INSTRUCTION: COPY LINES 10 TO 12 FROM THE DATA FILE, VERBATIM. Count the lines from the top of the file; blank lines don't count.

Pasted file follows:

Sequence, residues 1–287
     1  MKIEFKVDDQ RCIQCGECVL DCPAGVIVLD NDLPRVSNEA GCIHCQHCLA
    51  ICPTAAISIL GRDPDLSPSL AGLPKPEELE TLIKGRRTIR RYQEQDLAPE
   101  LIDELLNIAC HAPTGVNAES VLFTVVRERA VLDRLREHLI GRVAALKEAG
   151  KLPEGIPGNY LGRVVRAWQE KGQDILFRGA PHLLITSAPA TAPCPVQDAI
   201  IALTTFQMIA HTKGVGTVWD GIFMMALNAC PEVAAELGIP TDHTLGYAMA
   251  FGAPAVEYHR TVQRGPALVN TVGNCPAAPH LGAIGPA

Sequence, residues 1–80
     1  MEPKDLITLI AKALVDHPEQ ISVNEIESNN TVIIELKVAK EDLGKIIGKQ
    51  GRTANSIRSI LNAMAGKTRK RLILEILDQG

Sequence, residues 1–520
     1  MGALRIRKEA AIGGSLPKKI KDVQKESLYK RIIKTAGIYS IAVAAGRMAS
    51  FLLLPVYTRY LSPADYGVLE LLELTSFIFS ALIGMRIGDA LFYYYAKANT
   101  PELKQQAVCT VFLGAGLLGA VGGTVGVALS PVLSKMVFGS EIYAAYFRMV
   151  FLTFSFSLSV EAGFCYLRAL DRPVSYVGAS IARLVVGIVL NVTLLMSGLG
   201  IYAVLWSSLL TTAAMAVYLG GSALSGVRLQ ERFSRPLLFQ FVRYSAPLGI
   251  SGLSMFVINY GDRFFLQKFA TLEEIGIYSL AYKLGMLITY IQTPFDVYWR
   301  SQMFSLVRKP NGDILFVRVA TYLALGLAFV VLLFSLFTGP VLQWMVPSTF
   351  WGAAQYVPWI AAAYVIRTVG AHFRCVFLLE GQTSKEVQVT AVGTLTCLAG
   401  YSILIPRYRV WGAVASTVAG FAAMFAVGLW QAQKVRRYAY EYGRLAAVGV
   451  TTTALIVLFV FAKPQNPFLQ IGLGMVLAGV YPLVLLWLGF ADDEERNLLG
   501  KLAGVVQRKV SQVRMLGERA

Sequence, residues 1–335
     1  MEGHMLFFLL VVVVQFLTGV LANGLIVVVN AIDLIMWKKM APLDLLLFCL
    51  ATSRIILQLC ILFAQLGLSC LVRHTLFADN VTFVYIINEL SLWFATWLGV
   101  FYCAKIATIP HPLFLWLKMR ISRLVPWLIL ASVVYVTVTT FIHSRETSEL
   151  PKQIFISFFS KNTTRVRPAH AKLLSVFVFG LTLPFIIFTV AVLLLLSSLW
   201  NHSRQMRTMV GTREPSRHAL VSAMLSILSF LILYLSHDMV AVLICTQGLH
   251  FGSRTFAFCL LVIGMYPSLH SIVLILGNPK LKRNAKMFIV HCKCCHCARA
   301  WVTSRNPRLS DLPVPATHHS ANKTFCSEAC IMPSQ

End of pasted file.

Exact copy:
    51  GRTANSIRSI LNAMAGKTRK RLILEILDQG

Sequence, residues 1–520
     1  MGALRIRKEA AIGGSLPKKI KDVQKESLYK RIIKTAGIYS IAVAAGRMAS